Attorney vs CPA - difference?

4 Replies

Hey guys,

Sorry for my ignorance, but after reading a bit, I still don't understand what a real estate attorney does compared to a "real estate investing-focused" CPA.

Can someone shed some light on the differences and whether or not someone needs both or just one or the other?

Although I still have not found an accountant(waiting for tax season to end to schedule a sit down), I have found my 2 RE attorneys. I will use them for the following functions:

Attorney A: leases,

Attorney B: contracts to buy properties(subject to, closings), advice on upcoming ventures, and the legal implications

Accountant: in addition to doing taxes, offers creative options before I commit to deals, so that I can know the tax implications before I commit to a transaction.

Hope this helps

Sebastian

also- you will definitely need both, unless you can find an attorney that is also an investor and is very savvy with tax laws. But keep in mind the fees will be higher for an attorney typically. An accountant could not give you legal advice, while an RE attorney can advise you on the tax implications.

attorneys for keeping you out of trouble(way more laws out there than you will ever know even exist)

accountants for you taking maximum allowable deductions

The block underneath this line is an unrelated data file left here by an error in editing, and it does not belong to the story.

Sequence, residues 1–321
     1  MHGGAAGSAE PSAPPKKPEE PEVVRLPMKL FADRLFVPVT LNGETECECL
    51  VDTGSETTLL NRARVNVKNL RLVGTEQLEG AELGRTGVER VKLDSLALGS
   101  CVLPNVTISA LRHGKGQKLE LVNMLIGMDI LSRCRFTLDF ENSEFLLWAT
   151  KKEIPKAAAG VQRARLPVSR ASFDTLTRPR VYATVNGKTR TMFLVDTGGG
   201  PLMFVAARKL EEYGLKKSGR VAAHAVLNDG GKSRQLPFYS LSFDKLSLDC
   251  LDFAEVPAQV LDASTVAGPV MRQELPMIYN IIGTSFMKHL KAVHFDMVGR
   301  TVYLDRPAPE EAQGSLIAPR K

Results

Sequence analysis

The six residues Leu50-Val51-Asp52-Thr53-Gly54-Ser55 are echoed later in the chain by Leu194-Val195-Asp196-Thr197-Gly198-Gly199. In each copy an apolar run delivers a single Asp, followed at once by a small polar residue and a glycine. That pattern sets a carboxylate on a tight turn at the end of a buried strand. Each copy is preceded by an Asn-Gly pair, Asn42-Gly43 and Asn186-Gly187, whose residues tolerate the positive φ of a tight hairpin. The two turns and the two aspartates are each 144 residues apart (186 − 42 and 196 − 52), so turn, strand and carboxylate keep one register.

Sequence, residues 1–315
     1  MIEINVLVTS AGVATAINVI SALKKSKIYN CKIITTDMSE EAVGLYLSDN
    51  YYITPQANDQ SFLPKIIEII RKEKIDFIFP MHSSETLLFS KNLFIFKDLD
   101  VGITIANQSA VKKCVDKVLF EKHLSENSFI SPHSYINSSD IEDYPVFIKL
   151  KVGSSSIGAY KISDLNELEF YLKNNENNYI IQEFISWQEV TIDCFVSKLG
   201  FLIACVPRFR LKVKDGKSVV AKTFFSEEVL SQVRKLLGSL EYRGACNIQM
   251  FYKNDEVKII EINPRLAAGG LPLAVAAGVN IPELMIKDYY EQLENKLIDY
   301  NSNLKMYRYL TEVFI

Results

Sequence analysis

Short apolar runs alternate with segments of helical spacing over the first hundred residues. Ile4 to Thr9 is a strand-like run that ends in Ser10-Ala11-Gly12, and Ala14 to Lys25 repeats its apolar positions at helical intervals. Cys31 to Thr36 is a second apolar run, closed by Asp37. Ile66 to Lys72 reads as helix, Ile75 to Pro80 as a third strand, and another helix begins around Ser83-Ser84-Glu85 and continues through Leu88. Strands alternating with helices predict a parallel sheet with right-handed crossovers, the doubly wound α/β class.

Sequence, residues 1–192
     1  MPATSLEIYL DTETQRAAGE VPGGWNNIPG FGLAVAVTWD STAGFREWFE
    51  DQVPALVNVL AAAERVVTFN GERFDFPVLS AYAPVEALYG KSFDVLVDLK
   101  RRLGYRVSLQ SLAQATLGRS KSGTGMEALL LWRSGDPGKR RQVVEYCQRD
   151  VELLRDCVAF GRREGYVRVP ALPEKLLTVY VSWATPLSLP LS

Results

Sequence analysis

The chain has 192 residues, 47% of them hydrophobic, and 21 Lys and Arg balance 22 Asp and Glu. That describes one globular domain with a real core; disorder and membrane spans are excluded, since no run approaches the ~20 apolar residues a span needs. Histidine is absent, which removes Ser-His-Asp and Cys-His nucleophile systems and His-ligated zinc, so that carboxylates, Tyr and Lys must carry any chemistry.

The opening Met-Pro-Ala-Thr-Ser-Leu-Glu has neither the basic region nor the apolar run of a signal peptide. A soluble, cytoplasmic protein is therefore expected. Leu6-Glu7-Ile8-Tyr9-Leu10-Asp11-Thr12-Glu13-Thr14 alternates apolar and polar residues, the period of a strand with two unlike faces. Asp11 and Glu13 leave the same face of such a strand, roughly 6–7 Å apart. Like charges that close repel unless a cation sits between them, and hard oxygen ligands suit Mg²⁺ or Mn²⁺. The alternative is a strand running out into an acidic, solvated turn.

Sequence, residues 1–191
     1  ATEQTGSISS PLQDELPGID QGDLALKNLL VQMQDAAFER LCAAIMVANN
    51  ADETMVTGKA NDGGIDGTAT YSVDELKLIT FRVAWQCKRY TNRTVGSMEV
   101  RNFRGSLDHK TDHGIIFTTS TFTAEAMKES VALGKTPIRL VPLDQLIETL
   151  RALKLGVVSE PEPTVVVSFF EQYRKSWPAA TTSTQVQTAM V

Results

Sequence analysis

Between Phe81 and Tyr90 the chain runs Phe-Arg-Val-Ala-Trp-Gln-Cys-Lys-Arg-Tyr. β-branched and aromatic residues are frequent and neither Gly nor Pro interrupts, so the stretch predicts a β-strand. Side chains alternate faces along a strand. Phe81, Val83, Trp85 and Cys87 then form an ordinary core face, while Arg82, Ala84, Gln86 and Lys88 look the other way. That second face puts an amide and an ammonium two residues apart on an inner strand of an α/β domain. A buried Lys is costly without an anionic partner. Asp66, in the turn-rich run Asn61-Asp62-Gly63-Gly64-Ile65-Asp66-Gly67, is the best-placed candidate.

Thanks @Sebastian Baker

When I'm getting started setting up entities, would I be talking to my attorney or my CPA? My thought is CPA since you want to structure your business to take advantage of the tax reduction benefits.

And regarding contracts, isn't there a cheaper way than doing those with an attorney? Like a realtor or title company that is investor friendly?

correct, an accountant would be able to advise you on your business structure and how to claim max deductions. You can file the paperwork for LLC yourself(at least in FL) and it is incredibly simple and $135 or so.

Good example:

Say you decide that an LLC is most appealing. You can:

1) call your accountant to make sure that there is not a better vehicle for your business structure.

2) file paperwork yourself (if you can in your state)

3) make sure your attorney knows you have an LLC the next time you meet with him.

You may find that you get flexible taxing strategies with your new LLC, but you might not be able to file your own evictions on your rentals. In FL, the LLC is treated as a separate entity, so you are not longer able to file your own evictions, as you would be practicing law without a license. So now the cost for your evictions process just went up significantly. Always good to know where you stand, so that you are prepared. A standard eviction under your sole proprietorship that would only cost a few hundred- may cost a couple thousand with an LLC (paying for legal representation).

And you are correct, you can have a title company do the standard closing... so long as you have an attorney that you can contact to help you clear up any questions you might having regarding the wording. Make sure whomever you are asking for advice is not depending of the deal being made. An attorney will bill you the same amount for his legal advice, regardless of you getting the property (generally speaking). It's a lot easier to change the meaning of a contract Before you sign it ;)

Sebastian

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